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In my last column, multigrade oil was fairly prominent in my story. Let’s proceed from there, and From Under the Hood, discuss why we do, or don’t need multigrade oil in our engines.
The obvious reason to use multigrade oil is its superior pumpability in cold weather. In the southern part of the United States where I live, cold weather is described as anything that changes the physical properties of a swimming pool. Cold weather is something I wasn’t exposed to until I went to college in the North.
There I learned that antifreeze is not just coolant for your car. Where I’m from, we would use water in the engine instead, and save money on the antifreeze. After all, the temperature dropped below 26ºF (-3ºC) only once before I moved away from home, and then it was only for a few hours. However, multigrade was needed in states farther north, and years earlier along the Russian front during the winter of 1943.
Recently I saw a documentary on PBS about the Royal Air Force museum in England. A group was rebuilding a DB 601 engine from a German aircraft used in World War II. The Daimler Benz engine, now Daimler Chrysler, had an inverted-V 12-cylinder block and was supercharged, producing roughly 1,300 horsepower.
The Mechanic (Mechanic with a capital M for respect) restoring the engine couldn’t get over the tight tolerances of the war-manufactured engine. Because it was a liquid-cooled engine, it used the equivalent of what we know as 40W. It had no starter and was inertially cranked to start. This made it impossible to crank the nearly frozen oil in subzero temperatures along the Russian front.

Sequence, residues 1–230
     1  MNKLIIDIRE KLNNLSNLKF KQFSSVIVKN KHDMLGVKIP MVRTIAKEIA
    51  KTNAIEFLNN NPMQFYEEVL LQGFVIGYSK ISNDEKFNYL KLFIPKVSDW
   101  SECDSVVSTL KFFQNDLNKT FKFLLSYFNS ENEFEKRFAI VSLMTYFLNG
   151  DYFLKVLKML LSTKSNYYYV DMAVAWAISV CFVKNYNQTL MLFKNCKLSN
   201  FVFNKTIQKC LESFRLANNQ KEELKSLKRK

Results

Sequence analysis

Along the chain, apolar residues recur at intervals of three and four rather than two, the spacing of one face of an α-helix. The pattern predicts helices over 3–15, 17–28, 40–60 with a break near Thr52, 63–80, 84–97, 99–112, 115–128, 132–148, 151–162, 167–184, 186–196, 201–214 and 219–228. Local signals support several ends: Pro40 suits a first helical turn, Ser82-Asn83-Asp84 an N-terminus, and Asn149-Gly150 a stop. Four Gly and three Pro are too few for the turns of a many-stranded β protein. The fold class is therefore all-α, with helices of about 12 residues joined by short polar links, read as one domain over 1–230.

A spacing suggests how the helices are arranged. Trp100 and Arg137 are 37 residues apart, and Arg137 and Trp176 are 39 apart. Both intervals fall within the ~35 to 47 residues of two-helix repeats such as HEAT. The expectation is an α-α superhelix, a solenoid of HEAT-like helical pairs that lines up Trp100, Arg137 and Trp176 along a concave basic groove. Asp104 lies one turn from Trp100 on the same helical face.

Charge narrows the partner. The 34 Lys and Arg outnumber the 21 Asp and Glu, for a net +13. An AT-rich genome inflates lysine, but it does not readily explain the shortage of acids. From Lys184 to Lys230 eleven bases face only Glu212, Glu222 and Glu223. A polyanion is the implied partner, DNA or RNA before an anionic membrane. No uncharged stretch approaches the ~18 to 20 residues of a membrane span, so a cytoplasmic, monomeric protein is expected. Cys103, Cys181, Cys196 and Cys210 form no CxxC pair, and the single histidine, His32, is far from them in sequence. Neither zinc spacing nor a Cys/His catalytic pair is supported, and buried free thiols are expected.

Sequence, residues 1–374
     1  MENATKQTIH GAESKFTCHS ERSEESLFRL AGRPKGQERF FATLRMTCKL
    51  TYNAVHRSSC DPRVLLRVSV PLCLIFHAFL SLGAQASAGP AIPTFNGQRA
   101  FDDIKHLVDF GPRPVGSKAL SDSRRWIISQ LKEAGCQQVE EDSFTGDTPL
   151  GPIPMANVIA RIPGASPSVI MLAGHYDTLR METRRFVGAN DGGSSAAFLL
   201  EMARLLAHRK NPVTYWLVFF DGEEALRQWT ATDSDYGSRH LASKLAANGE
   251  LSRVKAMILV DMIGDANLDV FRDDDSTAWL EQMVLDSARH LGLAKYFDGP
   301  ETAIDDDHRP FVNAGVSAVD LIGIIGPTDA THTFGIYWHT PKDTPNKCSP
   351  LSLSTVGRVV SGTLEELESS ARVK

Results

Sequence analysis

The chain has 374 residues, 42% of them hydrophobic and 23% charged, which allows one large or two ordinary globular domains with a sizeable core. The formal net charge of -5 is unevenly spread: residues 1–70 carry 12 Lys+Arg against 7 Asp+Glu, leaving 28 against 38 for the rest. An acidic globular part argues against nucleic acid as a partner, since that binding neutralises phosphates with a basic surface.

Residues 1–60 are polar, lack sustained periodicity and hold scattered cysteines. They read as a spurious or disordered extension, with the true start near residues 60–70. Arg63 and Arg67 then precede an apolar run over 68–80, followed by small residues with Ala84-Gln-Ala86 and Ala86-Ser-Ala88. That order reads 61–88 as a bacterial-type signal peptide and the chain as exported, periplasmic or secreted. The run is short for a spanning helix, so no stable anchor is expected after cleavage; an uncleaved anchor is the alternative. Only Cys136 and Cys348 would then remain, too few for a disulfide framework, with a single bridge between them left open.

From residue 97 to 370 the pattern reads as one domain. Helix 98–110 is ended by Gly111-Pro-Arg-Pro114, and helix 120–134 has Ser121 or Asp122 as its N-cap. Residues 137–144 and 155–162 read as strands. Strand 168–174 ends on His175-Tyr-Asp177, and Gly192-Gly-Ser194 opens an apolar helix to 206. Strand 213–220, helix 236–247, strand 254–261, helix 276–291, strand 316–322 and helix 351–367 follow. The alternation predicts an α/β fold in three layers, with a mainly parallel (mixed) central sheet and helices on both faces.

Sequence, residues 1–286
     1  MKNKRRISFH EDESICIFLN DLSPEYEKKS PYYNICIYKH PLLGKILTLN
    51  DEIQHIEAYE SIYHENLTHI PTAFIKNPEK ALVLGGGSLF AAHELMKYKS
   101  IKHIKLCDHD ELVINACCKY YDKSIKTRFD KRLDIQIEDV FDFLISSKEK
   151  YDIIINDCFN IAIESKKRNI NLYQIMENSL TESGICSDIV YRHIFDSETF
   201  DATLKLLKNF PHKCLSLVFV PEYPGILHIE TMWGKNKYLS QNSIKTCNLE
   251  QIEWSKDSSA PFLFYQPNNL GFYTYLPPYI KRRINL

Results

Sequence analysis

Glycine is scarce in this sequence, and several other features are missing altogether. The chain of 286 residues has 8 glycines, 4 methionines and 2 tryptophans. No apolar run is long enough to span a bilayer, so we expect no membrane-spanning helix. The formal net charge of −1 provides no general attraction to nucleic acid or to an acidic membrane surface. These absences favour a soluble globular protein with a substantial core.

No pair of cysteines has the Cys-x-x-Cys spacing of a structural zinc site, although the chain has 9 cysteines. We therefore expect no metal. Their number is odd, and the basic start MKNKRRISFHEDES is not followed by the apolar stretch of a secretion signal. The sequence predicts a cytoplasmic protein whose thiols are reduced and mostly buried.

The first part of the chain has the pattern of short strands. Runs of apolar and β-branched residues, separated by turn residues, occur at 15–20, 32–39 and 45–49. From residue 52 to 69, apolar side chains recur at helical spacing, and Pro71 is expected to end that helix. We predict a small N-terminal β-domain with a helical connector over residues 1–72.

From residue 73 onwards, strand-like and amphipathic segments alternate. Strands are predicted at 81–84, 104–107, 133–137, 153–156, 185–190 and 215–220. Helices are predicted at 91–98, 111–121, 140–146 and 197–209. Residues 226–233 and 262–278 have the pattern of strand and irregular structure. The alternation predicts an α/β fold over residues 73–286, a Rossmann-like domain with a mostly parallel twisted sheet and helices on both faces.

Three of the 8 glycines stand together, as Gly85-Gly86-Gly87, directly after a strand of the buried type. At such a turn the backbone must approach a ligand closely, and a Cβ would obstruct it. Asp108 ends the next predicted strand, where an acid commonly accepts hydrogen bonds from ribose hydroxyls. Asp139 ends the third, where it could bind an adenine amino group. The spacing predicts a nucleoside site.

Engines of up to 45 liters may be started with this Bosch model.
Daimler Benz DB601 60 degree V inline 2x6 turbo engine. From German aviation catalog circa 1939-40.
I remember the story of one Luftwaffe jagdstaffel (a division within the German Air Force) on the Russian front which flew the Me 109e and Me 109f planes with the DB 601 engines. The division lost more airplanes in January 1943 to fire than in combat.
The order to “fly operations at all costs” was given. Because the engine oils were frozen, a tarp was draped over the nose of the aircraft, and a low fire was built to thaw the engine and oil to a point where it could be cranked. The DB 601 was fuel-injected much like modern cars, and just as easy to start if you could get it turning.
Same as today’s fuel-injected engines, it burned 87(C3) or 92(B4) octane fuels. However there were leaks - due to a combination of wartime conditions with rough use, the tremendous expansion and contraction of fuel connections across the operating temperature of the engine, and winter temperatures. The fire within the tarp enclosure had at least 87 octane vapors floating nearby. No wonder the aircraft often caught fire.
Multigrade oil would have been helpful in those winter conditions. The cold pumpability of multigrades would have reduced the start-up procedures, but remember that it was -40ºF (-40ºC). Once the engine was up and running, what sort of oil was needed?
Cold weather protection, with slightly better performance on mileage, is the primary reason for using multigrade oils. Are there any drawbacks in its use? Let the owners manual for your vehicle help you decide. The manual for my 3.8L Buick says SAE 30 oil is preferred unless the cold start-up temperature is below 32ºF (0ºC) for several times between oil changes.